Develop customized written & verbal communications.
LOS ANGELES, CA -- To grab prospective employers' attention, all of your communications with them--your resume, bio, cover letters and elevator pitches--should emphasize how your skills and experience can help them address their specific business goals and challenges. Simply listing your past employers, your previous titles, the length of time you held each position and your responsibilities will not pique their interest enough to seek out a conversation with you.
If you have the opportunity to speak with an employee at a company where you would like to work, you need to clearly demonstrate that you know about the company's business and possess the skills the employer needs. Do some research on each employer to get a sense of what their issues are, and incorporate those themes into all your communications. Consider the challenges you've faced, the responsibilities you've held and your achievements in each job you've held, and think about how you could apply what you've done in the past to an employer you're targeting. Present those achievements that are relevant to each employer.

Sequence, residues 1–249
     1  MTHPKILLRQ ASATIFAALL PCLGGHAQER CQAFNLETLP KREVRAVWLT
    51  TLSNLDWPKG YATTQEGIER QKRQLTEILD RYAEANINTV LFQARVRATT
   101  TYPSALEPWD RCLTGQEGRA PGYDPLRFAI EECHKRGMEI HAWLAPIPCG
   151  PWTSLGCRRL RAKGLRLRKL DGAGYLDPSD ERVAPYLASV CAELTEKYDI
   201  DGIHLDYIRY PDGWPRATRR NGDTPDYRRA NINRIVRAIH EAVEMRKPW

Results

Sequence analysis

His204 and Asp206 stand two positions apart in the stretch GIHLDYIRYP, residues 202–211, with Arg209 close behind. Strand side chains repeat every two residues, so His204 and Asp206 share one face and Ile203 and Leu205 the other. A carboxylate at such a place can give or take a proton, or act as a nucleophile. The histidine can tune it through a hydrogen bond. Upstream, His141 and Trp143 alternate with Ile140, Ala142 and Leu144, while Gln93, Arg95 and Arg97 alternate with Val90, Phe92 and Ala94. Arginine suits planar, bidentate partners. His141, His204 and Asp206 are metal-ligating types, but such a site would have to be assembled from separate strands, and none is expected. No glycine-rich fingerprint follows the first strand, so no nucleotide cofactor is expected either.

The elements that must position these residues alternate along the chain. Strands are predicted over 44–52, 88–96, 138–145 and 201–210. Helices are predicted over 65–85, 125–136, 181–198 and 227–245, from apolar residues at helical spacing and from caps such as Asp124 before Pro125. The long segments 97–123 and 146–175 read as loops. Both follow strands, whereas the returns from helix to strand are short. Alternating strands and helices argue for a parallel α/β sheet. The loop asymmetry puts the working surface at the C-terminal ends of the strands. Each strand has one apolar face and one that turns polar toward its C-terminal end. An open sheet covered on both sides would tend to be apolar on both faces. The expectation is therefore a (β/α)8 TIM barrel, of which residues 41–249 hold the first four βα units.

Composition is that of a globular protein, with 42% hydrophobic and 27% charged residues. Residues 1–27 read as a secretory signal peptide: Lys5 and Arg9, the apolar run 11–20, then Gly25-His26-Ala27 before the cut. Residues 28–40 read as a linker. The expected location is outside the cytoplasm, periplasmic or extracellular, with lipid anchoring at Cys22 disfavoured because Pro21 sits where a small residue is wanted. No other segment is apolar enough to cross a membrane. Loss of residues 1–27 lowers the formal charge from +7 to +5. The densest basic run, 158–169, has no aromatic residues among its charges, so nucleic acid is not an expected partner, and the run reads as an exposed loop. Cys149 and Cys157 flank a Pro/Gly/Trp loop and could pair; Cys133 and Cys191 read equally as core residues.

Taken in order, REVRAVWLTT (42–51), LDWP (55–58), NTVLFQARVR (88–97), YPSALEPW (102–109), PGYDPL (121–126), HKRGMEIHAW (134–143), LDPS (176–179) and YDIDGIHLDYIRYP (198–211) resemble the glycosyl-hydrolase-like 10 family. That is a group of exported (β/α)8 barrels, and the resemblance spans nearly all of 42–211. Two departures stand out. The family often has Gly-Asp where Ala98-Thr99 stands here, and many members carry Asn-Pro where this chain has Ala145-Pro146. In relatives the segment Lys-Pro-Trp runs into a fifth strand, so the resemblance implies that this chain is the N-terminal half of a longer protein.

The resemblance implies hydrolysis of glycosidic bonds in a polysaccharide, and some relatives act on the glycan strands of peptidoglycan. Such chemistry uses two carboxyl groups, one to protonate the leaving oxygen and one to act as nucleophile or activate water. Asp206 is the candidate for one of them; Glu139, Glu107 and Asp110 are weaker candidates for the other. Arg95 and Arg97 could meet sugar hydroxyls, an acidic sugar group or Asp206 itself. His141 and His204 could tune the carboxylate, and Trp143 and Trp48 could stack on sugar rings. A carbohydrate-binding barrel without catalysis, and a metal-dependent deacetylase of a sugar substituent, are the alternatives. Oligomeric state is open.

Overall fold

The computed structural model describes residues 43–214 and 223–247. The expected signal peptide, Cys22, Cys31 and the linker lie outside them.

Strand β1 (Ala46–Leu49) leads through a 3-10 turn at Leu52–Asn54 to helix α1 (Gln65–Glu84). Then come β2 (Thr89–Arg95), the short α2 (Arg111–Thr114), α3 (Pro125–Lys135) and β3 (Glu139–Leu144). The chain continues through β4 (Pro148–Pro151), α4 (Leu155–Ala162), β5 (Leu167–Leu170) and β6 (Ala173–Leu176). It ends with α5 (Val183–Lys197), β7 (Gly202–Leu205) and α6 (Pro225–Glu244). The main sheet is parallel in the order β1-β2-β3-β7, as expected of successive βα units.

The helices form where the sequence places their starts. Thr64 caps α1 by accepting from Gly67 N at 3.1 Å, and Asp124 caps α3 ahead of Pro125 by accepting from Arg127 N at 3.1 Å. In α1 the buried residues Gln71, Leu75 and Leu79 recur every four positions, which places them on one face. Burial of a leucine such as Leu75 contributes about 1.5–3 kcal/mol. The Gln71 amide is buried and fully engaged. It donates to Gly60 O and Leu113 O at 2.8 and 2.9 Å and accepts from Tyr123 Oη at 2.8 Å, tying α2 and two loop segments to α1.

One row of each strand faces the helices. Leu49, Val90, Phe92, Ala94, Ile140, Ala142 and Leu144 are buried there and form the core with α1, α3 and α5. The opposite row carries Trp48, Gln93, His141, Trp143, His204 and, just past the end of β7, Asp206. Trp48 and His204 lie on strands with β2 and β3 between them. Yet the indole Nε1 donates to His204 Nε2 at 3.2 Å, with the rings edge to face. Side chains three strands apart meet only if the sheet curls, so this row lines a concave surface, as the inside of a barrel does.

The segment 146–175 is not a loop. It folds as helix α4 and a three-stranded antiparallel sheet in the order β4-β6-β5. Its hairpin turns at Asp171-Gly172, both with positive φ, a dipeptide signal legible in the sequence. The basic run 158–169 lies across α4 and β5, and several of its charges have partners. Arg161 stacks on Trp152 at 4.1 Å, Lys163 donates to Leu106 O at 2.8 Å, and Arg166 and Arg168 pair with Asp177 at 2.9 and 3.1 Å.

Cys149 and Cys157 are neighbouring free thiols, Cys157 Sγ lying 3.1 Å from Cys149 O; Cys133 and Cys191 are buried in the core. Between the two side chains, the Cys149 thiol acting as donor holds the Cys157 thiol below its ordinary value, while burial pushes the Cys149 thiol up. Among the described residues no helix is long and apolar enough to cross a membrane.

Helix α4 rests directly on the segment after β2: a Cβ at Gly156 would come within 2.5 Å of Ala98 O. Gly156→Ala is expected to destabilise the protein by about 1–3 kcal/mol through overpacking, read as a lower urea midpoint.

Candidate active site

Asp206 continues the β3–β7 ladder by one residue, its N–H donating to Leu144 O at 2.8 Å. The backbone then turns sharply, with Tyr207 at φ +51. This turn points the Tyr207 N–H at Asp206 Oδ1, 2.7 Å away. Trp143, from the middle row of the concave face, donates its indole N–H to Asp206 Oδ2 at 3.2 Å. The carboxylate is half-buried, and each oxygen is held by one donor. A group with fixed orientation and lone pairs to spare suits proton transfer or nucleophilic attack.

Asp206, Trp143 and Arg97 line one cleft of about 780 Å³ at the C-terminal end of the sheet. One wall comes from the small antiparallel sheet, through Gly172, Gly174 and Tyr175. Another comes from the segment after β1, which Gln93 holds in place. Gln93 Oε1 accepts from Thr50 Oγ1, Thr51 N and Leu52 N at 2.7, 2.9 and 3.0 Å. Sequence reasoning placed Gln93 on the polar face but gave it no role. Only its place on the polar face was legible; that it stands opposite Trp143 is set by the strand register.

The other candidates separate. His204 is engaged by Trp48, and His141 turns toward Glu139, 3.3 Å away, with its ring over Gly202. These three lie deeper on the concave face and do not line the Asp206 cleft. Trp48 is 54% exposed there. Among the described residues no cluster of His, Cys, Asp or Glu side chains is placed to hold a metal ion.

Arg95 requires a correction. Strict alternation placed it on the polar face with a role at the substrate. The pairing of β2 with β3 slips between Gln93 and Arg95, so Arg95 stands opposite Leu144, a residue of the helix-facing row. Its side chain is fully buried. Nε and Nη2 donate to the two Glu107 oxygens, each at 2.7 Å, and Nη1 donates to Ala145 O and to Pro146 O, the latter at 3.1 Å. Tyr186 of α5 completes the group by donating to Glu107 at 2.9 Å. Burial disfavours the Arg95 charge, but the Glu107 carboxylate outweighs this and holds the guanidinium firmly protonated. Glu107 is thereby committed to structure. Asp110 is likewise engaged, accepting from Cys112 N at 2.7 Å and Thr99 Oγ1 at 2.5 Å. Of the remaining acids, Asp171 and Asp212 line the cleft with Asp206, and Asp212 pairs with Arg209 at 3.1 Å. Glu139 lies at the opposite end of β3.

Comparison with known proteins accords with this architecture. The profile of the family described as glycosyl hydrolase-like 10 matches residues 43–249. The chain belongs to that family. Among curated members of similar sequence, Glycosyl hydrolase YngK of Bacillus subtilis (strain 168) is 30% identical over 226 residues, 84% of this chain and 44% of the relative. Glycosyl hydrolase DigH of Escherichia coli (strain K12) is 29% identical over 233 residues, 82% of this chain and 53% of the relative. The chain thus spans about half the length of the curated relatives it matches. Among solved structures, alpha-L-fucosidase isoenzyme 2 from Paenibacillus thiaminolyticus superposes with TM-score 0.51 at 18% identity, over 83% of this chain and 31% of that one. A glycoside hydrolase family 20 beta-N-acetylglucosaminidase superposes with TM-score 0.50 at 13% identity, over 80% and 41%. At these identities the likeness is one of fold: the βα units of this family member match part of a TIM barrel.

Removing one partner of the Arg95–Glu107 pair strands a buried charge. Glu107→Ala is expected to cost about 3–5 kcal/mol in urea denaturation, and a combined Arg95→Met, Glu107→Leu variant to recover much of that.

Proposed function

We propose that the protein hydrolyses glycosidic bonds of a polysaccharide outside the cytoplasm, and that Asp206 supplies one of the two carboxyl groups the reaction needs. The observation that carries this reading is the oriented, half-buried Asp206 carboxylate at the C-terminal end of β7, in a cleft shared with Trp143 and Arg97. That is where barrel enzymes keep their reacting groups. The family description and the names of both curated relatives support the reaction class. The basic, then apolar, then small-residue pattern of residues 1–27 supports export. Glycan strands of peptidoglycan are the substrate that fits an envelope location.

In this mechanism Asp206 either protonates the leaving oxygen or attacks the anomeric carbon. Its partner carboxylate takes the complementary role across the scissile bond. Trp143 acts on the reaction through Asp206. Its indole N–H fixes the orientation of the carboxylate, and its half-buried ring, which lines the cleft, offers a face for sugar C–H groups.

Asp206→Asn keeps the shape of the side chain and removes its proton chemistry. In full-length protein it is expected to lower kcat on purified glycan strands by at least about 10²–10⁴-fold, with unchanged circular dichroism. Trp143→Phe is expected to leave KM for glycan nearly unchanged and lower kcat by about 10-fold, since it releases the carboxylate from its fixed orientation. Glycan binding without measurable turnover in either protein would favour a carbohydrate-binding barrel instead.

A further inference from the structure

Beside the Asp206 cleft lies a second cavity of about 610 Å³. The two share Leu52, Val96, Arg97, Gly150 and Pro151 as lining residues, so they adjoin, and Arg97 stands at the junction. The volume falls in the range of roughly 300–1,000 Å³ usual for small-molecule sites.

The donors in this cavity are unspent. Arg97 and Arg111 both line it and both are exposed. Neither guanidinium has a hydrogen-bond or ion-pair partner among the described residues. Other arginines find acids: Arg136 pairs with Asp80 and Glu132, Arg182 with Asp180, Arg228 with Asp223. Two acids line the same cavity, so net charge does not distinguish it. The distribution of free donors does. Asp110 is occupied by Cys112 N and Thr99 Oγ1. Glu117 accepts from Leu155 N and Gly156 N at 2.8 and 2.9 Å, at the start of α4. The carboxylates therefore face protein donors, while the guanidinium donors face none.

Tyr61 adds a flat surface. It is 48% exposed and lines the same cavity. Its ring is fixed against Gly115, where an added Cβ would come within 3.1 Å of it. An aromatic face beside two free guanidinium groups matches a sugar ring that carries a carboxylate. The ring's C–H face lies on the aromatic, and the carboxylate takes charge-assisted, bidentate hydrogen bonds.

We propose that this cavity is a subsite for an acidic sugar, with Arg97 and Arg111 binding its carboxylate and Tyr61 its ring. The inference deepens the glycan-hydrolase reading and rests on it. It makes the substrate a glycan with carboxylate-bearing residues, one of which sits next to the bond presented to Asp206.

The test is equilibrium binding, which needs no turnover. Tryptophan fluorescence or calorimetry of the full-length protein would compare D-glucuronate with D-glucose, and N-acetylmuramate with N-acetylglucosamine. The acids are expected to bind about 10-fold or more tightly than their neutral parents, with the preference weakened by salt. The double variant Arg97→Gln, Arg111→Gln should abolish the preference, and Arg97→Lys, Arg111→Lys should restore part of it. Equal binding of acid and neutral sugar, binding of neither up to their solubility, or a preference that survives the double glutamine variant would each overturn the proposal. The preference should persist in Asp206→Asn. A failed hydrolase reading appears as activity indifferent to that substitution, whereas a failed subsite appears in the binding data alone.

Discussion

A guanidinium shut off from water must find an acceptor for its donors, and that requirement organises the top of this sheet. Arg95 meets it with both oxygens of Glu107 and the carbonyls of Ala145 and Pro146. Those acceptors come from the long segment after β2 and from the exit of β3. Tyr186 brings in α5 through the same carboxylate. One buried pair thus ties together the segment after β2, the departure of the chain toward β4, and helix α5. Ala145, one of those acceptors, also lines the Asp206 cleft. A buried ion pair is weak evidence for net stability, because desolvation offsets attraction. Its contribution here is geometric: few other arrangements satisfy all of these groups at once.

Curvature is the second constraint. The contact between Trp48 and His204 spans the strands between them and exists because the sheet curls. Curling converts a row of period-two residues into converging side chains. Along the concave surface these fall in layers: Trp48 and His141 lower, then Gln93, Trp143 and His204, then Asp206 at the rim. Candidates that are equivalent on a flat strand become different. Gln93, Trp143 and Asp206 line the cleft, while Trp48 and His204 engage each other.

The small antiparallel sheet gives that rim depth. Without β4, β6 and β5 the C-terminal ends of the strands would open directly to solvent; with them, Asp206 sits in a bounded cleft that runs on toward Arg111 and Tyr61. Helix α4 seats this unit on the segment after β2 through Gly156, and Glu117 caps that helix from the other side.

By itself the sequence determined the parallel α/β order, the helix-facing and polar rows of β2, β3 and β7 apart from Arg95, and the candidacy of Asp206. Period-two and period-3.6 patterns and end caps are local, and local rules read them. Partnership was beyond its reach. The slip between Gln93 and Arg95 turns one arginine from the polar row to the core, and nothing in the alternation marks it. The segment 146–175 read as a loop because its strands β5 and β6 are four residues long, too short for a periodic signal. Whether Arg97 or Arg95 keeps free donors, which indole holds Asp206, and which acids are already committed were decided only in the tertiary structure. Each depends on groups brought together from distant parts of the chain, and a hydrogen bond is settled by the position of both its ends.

The job search is not about you and your goals; it is all about the employer's needs and objectives. Make it easy for them to realize that you can help them by illustrating your abilities. You might also wish to volunteer to attend a meeting, to draft a job description or prepare a presentation beyond what is required or what your resume shows.